Domestic violence is contributing to a 13-year peak in suicide rates, according to the head of a national anti-violence organisation.
Karen Willis, executive officer of Rape and Domestic Violence Services Australia (RDVSA), says there is “absolutely no doubt” that the current suicide rate is linked to domestic violence.
Willis says the increasing suicide rate could be attributed to an increase in family violence incidents. “Absolutely it’s an impact of trauma contributing to suicides.”
The Australian Bureau of Statistics (ABS) reports that the national suicide rate in Australia has risen to 12 deaths per 100,000 people – the highest it has been in 13 years.
Lifeline also received a record-breaking one million calls for help during the last year. The reporting of domestic violence is also increasing.
How to deal with increasing rates of family violence, suicide and mental health issues is shaping up to be a key issue in the election. The Federal Government has taken the lead, with Prime Minister Malcolm Turnbull announcing a package of $100 million in federal funding to help fight domestic violence victims last year. Turnbull labelled violence against women as “unAustralian”.
“Violence against women is one of the great shames of Australia. It is a national disgrace,” he said.
Labor and the Greens are also campaigning hard on this issue, with each pledging more legal, housing and safety support for women and children affected by family violence.
The need to do so is stark. The Crime Statistics Agency Victoria (CSAV) reported an increasing number of family violence incidents being reported each year, with a current incident rate of almost 1300 cases per 100,000 people.
The CSAV also highlighted an increase in the number of domestic violence incidents being reported each year, growing from over 43,000 cases in 2011 to nearly 75,000 reports in 2015.
Nathan DeGuara, the men’s referral service manager at No To Violence (NTV) Australia, says growing up with domestic violence has lasting effects on victims.
“Children who witness family violence are often scarred for life and many boys who witness family violence will grow up to be perpetrators themselves,” he says.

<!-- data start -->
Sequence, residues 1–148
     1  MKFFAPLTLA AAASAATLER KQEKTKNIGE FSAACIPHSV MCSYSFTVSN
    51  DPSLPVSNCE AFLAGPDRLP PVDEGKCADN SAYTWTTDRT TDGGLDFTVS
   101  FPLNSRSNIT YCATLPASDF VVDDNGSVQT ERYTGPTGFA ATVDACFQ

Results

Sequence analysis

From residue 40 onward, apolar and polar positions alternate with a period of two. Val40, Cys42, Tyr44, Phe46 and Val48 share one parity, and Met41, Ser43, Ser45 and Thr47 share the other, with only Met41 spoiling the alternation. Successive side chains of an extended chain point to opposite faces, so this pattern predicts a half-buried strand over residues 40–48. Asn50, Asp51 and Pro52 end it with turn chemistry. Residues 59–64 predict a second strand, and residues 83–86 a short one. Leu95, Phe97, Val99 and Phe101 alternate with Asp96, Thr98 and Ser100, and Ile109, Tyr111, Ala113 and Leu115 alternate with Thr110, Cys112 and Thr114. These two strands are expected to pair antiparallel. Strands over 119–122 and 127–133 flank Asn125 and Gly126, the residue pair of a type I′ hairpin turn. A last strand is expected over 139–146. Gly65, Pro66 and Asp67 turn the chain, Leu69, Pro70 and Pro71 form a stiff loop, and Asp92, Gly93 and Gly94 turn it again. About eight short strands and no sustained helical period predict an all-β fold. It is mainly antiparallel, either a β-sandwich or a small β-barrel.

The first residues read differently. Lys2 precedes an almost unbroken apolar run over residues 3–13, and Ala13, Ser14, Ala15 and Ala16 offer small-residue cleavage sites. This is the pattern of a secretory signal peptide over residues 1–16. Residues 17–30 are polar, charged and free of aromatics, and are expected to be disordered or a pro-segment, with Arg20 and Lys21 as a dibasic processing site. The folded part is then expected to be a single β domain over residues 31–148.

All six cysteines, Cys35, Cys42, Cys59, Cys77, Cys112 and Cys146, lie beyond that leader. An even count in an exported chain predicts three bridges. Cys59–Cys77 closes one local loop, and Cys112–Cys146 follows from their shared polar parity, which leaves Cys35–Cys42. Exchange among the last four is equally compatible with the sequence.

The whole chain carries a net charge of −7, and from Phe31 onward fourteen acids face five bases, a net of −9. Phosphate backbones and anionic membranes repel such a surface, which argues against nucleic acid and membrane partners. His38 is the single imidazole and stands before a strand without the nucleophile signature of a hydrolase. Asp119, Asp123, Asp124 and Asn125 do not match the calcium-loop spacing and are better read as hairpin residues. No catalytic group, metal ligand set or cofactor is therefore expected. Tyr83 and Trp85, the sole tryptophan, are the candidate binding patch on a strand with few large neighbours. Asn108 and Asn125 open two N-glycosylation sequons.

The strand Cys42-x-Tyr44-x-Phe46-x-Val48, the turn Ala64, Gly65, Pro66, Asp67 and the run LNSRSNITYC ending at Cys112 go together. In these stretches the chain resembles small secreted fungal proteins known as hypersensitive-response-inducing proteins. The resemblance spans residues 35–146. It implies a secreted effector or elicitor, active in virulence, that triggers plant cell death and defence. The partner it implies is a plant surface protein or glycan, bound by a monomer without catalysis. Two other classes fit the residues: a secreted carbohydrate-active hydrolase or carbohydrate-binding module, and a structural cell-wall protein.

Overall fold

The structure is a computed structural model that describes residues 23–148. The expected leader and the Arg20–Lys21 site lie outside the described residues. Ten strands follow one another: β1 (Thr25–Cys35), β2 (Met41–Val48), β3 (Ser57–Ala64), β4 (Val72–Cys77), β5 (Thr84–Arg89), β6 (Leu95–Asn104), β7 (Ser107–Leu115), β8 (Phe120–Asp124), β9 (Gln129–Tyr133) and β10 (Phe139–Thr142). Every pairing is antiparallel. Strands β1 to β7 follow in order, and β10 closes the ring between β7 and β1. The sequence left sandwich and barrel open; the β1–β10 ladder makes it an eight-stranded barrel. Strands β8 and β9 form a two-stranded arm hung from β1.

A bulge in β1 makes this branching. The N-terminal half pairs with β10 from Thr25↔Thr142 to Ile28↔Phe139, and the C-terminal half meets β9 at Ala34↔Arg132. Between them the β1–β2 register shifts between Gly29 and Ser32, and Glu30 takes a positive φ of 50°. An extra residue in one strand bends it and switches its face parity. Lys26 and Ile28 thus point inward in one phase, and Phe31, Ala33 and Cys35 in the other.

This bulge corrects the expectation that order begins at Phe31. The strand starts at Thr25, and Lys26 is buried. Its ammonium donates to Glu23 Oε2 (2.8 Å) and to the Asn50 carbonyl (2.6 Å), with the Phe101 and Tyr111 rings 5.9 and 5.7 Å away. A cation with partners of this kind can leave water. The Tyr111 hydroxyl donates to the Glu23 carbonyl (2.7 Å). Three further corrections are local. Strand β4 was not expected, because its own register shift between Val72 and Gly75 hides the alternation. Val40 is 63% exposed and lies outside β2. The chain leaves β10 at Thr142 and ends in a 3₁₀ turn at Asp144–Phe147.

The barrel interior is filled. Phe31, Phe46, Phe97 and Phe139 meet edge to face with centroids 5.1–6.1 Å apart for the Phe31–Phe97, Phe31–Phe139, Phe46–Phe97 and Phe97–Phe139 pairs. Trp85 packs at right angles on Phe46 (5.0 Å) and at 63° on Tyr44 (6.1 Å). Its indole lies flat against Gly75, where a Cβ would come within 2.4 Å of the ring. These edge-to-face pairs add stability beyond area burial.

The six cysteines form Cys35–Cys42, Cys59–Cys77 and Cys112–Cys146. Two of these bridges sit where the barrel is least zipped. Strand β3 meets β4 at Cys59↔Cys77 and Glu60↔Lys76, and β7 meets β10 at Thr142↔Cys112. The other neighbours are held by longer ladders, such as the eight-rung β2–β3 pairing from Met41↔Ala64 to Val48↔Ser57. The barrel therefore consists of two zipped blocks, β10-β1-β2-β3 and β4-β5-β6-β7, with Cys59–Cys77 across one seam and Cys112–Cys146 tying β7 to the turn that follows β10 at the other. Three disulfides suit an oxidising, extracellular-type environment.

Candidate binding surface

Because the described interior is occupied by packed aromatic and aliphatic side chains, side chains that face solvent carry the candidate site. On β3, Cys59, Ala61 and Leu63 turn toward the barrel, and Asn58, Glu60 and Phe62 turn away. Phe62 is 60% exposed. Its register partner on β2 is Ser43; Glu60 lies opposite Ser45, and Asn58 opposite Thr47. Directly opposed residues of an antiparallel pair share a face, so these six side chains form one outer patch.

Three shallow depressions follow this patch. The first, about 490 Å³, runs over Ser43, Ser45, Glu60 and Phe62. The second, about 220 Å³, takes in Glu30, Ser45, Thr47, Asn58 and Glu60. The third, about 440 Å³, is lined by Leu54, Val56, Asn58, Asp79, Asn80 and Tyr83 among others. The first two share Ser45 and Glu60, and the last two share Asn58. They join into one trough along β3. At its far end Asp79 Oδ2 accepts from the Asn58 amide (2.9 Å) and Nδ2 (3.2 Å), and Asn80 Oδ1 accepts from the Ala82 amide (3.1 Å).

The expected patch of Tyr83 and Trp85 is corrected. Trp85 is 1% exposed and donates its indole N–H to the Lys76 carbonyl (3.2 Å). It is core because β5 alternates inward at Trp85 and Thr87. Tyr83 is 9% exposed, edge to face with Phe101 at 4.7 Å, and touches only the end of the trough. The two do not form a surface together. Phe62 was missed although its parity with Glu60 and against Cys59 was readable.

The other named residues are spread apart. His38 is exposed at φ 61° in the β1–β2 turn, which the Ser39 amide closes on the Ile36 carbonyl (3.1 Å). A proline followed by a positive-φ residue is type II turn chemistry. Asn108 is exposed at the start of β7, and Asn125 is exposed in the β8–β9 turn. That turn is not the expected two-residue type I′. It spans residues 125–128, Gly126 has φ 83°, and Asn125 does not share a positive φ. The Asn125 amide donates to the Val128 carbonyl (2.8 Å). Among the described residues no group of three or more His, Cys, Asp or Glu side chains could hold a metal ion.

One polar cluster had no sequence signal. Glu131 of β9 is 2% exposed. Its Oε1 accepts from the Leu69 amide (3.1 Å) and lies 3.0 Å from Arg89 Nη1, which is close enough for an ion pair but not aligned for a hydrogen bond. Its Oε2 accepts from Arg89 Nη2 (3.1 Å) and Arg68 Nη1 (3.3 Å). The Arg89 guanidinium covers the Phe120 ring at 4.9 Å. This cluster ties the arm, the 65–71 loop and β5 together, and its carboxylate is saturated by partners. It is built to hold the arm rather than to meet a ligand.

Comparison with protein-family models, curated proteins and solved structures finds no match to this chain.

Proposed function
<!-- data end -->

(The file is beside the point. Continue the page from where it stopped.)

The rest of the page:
The new Victorian Suicide Registry at the Coroner’s Court highlighted a link between suicide and domestic violence in its submission to the Royal Commission into Family Violence.
The report found that 35 percent of women who committed suicide in 2014 had reported a history of family violence.
The court’s submission also stated there was “a significant number of deaths from suicide amongst Victorian men who have a history of perpetrating family violence”.
Of the men who committed suicide in 2014, 110 had a history of domestic violence.
Research by St Vincent’s Hospital clinical school at the University of Melbourne found one in three men who committed suicide between 2009-2012 had been exposed to violence, with 60 per cent of those men perpetrators of family violence.
The research also showed that 25 percent of women who committed suicide between 2009-2012 had experienced physical violence, 20 percent experienced psychological violence and one in six were sexually assaulted.
In 70 percent of these cases, the perpetrator was a family member or intimate partner.
One in three women who experience domestic violence in their lifetime will attempt suicide, according to research by Australia’s National Research Organisation for Women’s Safety.
ANROWS also published a 12-year National Plan to Reduce Violence Against Women and their Children, which aims to ensure women and children live free from violence in safe communities by 2022.
Most anti-violence services believe the best way to fight domestic violence is at the source, with more federal funding urgently needed. Organisations such as NTV offer rehabilitation programs for both victims and perpetrators of family violence.
In an emergency situation, dial 000
If you or someone you know is experiencing domestic violence, contact 1800 Respect on 1800 737 732
If you or someone you know is struggling with mental illness, seek help. Call Lifeline on 13 11 44 or chat to someone online at lifeline.org